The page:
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Fenofibrate Modulates Cytochrome P450 and Arachidonic Acid Metabolism in the Heart and Protects Against Isoproterenol-induced Cardiac Hypertrophy

Althurwi, Hassan N. BSc; Elshenawy, Osama H. BCPS; El-Kadi, Ayman O.S. PhD

Journal of Cardiovascular Pharmacology: February 2014 - Volume 63 - Issue 2 - p 167–177
doi: 10.1097/FJC.0000000000000036
Original Article

Abstract: It has been previously shown that the cytochrome P450 (P450) modulator, fenofibrate, protects against cardiovascular diseases. P450 and their metabolites, epoxyeicosatrienoic acids (EETs) and 20-hydroxyeicosatetraenoic acid (20-HETE) were found to play an important role in cardiovascular diseases. Therefore, it is important to examine whether fenofibrate would modulate the cardiac P450 and its associated arachidonic acid metabolites and whether this modulation protects against isoproterenol-induced cardiac hypertrophy. For this purpose, male Sprague-Dawley rats were treated with fenofibrate (30 mg·kg−1·d−1), isoproterenol (4.2 mg·kg−1·d−1), or the combination of both. The expression of hypertrophic markers and different P450s along with their metabolites was determined. Our results showed that fenofibrate significantly induced the cardiac P450 epoxygenases, such as CYP2B1, CYP2B2, CYP2C11, and CYP2C23, whereas it decreased the cardiac ω-hydroxylase, CYP4A3. Moreover, fenofibrate significantly increased the formation of 14,15-EET, 11,12-EET, and 8,9-EET, whereas it decreased the formation of 20-HETE in the heart. Furthermore, fenofibrate significantly decreased the hypertrophic markers and the increase in heart-to-body weight ratio induced by isoproterenol. This study demonstrates that fenofibrate alters the expression of cardiac P450s and their metabolites and partially protects against isoproterenol-induced cardiac hypertrophy, which further confirms the role of P450s, EETs, and 20-HETE in the development of cardiac hypertrophy.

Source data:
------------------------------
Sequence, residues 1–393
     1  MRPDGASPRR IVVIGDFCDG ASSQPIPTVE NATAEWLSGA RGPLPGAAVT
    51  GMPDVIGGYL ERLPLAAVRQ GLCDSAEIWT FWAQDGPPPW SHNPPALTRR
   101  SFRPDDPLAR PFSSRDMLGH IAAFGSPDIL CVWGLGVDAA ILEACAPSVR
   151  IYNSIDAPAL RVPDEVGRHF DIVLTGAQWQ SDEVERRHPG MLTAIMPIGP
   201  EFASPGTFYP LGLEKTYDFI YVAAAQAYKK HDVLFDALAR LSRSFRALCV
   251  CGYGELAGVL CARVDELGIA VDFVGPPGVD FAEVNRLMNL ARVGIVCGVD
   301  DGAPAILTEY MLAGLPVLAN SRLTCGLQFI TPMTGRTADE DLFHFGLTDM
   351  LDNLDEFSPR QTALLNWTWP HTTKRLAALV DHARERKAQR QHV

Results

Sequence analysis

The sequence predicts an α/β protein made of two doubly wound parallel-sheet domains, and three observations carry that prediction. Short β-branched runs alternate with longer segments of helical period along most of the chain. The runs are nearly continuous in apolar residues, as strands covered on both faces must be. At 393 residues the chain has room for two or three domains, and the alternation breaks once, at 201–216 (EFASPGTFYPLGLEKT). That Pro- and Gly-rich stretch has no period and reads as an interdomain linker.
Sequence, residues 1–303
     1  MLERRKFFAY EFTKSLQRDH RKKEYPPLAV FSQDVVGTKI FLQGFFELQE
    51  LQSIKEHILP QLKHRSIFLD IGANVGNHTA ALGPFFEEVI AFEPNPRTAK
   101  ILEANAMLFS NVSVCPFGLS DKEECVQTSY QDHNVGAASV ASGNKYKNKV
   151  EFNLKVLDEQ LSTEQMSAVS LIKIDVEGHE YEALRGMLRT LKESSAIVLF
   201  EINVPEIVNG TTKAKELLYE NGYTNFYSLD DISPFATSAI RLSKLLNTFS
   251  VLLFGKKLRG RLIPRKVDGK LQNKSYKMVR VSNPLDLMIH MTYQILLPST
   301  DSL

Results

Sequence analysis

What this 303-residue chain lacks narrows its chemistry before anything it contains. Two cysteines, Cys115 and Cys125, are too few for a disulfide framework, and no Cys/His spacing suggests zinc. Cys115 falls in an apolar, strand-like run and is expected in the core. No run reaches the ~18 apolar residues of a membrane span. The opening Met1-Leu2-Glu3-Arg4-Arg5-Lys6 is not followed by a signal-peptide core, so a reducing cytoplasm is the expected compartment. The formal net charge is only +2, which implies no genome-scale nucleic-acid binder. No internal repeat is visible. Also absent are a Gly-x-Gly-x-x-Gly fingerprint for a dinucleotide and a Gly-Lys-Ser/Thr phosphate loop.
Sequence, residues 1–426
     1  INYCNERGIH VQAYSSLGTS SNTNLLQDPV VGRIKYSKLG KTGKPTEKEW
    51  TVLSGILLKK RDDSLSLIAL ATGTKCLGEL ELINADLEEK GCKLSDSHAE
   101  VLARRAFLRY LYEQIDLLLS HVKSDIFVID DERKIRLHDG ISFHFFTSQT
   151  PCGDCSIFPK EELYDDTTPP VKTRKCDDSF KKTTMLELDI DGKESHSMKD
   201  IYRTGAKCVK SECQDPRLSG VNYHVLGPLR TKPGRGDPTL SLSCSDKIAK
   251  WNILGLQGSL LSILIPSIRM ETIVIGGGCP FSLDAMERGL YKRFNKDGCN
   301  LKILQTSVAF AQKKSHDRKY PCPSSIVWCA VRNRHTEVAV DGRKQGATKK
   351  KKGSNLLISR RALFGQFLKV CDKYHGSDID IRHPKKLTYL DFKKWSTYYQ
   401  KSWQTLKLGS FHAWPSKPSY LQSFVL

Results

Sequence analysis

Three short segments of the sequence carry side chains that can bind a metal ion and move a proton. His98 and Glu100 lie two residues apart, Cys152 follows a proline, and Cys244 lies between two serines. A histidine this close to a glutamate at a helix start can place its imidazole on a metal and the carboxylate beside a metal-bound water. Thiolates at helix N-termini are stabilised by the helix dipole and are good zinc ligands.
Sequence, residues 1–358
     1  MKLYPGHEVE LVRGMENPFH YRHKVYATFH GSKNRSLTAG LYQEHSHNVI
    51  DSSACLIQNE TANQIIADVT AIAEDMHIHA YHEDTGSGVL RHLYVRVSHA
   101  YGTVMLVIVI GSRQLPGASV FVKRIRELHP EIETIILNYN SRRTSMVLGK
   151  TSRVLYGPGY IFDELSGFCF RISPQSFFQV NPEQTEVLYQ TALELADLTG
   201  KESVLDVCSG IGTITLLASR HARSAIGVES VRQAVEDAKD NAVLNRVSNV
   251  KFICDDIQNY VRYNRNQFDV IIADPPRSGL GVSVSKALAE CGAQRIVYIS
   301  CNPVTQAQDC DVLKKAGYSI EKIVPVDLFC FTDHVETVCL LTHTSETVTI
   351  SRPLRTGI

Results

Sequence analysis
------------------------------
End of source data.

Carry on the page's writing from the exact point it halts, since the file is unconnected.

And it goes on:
Faculty of Pharmacy and Pharmaceutical Sciences, University of Alberta, Edmonton, Alberta, Canada.

Reprints: Ayman O.S. El-Kadi, PhD, Faculty of Pharmacy and Pharmaceutical Sciences, 2142J Katz Group-Rexall Centre for Pharmacy and Health Research, University of Alberta, Edmonton, Alberta T6G 2E1, Canada (e-mail: aelkadi@ualberta.ca).

Supported by Canadian Institute of Health Research (CIHR) Operating Grant 106665 to A. O. S. El-Kadi. H. N. Althurwi is the recipient of Salman Bin Abdulaziz University Scholarship, Saudi Arabia. O. H. Elshenawy is the recipient of Alberta Cancer Foundation Graduate Studentship Award and Alberta Innovates Technology Futures Scholarship.

The authors report no conflicts of interest.

Received April 14, 2013

Accepted October 16, 2013

© 2014 by Lippincott Williams & Wilkins.